Qualification Criteria For A Scottish Trust Deed
Updated: 21st September 2016
If you live in Scotland and you are worried about your debts, you may be wondering whether you qualify for a trust deed. In this article we explain some of the factors which apply. We also provide information about resources which might assist you to decide whether a protected trust deed is right for you.
Firstly, you’ll need to be currently (or very recently) resident in Scotland. You’ll need to be prepared to work closely with an adviser in order to determine whether this is the right option for you. You’ll also need to be prepared to provide certain types of documentation to enable the full process to get underway later (if this is your choice).
The technical minimum level of qualifying debt required to enter a trust deed is £5,000. If you’re a couple, each of you will need to have a minimum of £5,000 of debt individually in order to qualify. In practice it’s worth noting that different providers use their own minimum criteria to assess which cases they will choose to work on. In many instances their minimum debt threshold is likely to be somewhat higher than £5,000.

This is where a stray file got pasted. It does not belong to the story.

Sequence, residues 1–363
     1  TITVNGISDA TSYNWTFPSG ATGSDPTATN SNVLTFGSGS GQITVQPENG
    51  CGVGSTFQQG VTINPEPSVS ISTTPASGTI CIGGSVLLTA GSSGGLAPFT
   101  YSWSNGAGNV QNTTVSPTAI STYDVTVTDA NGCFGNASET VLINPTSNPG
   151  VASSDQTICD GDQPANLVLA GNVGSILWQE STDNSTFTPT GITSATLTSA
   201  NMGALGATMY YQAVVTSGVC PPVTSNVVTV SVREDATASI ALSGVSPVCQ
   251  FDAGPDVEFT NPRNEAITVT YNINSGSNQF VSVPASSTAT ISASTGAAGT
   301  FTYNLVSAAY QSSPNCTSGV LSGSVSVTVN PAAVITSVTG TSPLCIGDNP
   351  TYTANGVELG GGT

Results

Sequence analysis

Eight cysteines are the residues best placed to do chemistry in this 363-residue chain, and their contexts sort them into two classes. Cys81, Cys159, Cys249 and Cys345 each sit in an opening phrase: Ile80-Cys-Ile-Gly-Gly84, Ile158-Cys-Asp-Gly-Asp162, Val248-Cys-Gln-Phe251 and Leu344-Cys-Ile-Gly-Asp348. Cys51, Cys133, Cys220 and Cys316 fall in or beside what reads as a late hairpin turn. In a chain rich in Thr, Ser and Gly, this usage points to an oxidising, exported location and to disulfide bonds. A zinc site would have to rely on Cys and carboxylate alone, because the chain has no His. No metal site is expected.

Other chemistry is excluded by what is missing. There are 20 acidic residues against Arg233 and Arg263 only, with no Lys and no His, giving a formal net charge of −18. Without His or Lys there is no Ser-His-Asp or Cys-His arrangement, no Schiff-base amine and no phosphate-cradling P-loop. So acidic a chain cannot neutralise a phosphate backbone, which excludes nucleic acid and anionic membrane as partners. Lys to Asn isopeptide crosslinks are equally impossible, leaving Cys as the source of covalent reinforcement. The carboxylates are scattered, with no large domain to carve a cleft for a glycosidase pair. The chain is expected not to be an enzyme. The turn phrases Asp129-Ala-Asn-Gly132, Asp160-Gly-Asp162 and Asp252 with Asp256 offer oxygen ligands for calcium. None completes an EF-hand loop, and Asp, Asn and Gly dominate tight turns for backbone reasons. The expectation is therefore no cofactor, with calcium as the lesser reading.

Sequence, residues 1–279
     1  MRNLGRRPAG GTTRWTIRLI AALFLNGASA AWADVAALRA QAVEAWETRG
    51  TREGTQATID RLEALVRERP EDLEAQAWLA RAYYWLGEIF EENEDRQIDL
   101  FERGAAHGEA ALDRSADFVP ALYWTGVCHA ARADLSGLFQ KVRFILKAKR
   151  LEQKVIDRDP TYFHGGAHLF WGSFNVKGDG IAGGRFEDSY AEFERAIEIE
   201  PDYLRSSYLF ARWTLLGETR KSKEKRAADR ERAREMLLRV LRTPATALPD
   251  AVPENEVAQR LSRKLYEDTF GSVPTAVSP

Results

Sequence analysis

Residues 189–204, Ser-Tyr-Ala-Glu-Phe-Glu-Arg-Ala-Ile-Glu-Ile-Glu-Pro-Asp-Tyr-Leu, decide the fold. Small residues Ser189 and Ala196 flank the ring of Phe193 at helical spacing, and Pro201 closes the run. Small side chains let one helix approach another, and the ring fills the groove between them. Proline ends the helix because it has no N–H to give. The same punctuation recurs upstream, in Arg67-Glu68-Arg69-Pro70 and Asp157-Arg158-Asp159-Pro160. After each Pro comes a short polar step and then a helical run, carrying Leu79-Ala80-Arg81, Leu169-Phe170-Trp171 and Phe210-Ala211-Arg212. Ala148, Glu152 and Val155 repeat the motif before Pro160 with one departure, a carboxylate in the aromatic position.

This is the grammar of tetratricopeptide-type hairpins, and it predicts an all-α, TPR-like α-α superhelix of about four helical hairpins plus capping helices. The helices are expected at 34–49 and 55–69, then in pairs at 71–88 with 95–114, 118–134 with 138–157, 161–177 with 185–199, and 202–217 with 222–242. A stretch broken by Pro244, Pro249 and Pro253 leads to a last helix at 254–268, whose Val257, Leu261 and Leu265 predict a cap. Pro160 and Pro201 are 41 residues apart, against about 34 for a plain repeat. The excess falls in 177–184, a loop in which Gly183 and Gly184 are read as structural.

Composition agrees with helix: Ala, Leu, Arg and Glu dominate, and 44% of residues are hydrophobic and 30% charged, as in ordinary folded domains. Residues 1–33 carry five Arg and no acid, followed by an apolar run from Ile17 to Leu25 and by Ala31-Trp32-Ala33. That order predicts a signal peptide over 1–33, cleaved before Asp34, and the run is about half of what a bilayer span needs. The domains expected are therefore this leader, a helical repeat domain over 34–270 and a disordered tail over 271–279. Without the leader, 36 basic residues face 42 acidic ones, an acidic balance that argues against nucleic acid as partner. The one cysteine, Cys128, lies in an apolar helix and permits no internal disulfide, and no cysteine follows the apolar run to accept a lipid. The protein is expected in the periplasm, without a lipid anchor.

Qualifying for trust deeds also usually depends upon your ability to contribute regularly towards your debts. Scottish trust deeds are typically agreed based upon regular contributions that you fund from your income. A measurement of your capacity to pay towards your debts is made by subtracting your reasonable expenditure from your total income.
Surplus money that can affordably be paid towards your debts is often known as your “disposable income”. If you have no assets, and very little (or zero) disposable income, it’s highly unlikely that a trust deed will be an option for which you qualify. Sequestration (bankruptcy) may be a better option in these circumstances.
If your disposable income is relatively high (compared to your debt level) it might be determined that entering a trust deed is simply not necessary. In such circumstances a DAS might turn out to be more appropriate instead.
Owning certain assets can be a complicating factor when assessing whether you’re qualified to enter a trust deed. Most often the relevant asset is the equity in a house that you own, but the same concept applies to other types of significant assets also. Some firms are now offering increased flexibility towards homeowners with equity who wish to enter a trust deed. It should however be remembered that this can increase the risks you would face if your arrangement ran into trouble later.
A number of other specific criteria could be important to decide whether a trust deed is right for you, so it’s vital to get high-quality advice at the earliest stage possible. If you’d like to speak directly with one of our qualified debt advisers, please get in touch with us. You can also ask questions in our forum where a panel of experts will do their best to help you.
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